This lifelong digital assistant will help you live a healthier life

Friday, November 8, 2019

Digital platform iamYiam provides evidence-based recommendations on how to live a healthier life, personalized to an individual's biology and preferences. This article is part of a series about the power of innovation to solve social and economic challenges. Stories and statistics are drawn from the Global Innovation Index 2019 – your guide to world-changing ideas.

 

The rapid rise in non-communicable diseases (NCDs) such as cardiovascular disease, cancer, diabetes and chronic respiratory diseases reflects global changes to the way we live, work and eat.

 

So-called lifestyle diseases now account for, including mental health, 90% of public and private health spending in developed economies, and have become the leading cause of death in developing countries.

 

As well as shortening lives, NCDs are reducing the meaningfulness of progress made in increasing life expectancy: half of a retiree’s remaining years will be significantly worsened by one or more lifestyle-related illnesses, reducing their quality of life and adding treatment costs.

 

Meet Syd, AI health expert

 

Software app iamYiam applies to health the same optimization-focused, evidence-based decision-making that is used in the investment world. It’s based on the idea that optimal health is largely the result of an efficient allocation of time, energy, and nutrients, in the context of an individual’s biological, environmental, and psychological peculiarities.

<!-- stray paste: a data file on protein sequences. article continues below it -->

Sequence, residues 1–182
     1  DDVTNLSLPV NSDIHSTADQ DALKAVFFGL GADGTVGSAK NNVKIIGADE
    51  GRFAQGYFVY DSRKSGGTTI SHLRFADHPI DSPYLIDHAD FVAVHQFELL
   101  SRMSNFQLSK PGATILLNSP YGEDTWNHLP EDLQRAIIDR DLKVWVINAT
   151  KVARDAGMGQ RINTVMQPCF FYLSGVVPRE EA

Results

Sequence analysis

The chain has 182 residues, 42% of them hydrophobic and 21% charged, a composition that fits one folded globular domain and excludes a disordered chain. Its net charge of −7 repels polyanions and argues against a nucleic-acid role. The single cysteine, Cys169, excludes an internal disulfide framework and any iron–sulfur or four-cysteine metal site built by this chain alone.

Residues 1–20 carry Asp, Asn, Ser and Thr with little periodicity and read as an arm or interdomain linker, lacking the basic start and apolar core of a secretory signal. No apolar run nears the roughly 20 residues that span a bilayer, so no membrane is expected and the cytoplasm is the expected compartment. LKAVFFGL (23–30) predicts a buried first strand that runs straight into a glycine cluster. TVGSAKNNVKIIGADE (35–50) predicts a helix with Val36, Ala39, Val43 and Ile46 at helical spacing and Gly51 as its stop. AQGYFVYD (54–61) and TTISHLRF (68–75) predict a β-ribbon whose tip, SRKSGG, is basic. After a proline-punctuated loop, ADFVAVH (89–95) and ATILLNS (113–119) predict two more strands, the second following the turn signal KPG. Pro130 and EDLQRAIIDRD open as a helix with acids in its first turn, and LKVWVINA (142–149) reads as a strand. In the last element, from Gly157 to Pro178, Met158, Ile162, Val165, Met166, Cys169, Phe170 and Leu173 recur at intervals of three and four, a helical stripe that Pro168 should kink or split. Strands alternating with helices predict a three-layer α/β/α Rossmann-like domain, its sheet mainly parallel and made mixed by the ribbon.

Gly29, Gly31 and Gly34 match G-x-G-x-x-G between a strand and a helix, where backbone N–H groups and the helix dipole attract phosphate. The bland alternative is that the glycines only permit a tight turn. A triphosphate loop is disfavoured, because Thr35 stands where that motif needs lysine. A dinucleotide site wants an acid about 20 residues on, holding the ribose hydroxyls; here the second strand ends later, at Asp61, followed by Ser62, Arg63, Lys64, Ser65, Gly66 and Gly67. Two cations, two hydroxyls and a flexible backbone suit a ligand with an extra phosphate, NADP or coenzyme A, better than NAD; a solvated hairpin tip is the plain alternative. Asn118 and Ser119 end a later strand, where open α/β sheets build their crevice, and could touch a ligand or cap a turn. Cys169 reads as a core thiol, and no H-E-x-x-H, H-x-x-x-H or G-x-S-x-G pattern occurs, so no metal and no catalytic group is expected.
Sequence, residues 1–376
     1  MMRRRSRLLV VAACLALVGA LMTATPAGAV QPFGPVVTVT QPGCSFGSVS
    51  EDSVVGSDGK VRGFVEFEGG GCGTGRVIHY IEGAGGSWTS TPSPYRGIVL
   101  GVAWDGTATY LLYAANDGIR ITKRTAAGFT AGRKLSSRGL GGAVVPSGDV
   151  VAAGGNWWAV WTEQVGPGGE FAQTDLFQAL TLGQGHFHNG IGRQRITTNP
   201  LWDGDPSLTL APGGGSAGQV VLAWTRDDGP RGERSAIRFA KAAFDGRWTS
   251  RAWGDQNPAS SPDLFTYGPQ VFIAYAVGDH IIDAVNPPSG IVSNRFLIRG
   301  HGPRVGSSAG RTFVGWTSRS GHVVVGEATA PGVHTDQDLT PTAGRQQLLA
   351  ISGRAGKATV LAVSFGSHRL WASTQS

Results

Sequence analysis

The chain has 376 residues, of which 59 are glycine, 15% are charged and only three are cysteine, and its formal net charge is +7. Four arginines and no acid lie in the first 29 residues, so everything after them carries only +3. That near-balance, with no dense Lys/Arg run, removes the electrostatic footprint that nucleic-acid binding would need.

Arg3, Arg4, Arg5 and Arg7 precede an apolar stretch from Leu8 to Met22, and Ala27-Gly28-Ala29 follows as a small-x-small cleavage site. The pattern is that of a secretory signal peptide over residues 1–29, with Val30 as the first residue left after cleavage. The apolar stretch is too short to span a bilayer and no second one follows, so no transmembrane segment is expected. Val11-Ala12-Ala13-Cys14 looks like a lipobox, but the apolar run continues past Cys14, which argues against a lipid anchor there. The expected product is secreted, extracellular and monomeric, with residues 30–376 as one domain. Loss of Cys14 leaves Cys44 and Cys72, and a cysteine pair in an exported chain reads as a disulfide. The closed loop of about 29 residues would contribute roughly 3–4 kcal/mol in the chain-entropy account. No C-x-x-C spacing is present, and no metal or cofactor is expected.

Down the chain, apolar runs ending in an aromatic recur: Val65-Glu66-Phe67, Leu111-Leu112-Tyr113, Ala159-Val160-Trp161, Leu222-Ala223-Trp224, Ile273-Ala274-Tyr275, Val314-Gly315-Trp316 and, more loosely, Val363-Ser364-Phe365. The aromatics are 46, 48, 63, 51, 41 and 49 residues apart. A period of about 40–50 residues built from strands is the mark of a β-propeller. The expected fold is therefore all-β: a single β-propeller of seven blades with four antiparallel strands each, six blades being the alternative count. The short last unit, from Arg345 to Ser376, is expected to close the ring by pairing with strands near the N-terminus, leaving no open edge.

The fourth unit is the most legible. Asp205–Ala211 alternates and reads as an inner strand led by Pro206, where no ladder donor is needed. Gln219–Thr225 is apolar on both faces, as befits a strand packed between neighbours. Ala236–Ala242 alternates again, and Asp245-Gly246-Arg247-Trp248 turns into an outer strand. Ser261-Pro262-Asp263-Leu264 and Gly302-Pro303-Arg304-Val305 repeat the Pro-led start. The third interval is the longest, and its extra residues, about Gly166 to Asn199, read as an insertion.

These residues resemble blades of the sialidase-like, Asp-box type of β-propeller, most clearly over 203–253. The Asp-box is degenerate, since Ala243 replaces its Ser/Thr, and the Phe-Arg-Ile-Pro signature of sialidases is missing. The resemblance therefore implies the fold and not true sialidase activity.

At the heart of the platform is an artificial intelligence agent referred to as See Yourself Differently (Syd). Syd estimates its user’s current state of health and well-being, making platform-wide observations that help optimize specific advice. Over 200,000 published research papers were referenced to create the baseline for the app’s predictions. Syd continuously improves upon these by using its internal model and comparing with its interactions with all users. Progress in a user's journey to better health is tracked and displayed, allowing Syd to provide accurate, adaptive information.

 

The marketplace is another feature of the service. This gives access to vetted practitioners and nutrition providers who offer users a range of resources such as therapies, classes and meal plans. Individual health information, personalized recommendations, and resources are accessible in one health account with lifetime access.

 

The role of health apps

 

A challenge of bringing this innovation to market was the product’s complexity and scope, with questions raised about who might be looking for such a close partner in health as Syd. In practice, the idea is gaining traction with employers hoping to enhance staff well-being and boost productivity.

 

Because Syd does not perform disease diagnosis, iamYiam remains a preventative tool. However, the company hopes that as medicine increasingly focuses on prevention, there may be opportunities for future collaborations with innovators in disease treatment.

 

This piece is extracted from Innovation and Health: How big data, artificial intelligence, and other technologies are changing healthcare

 

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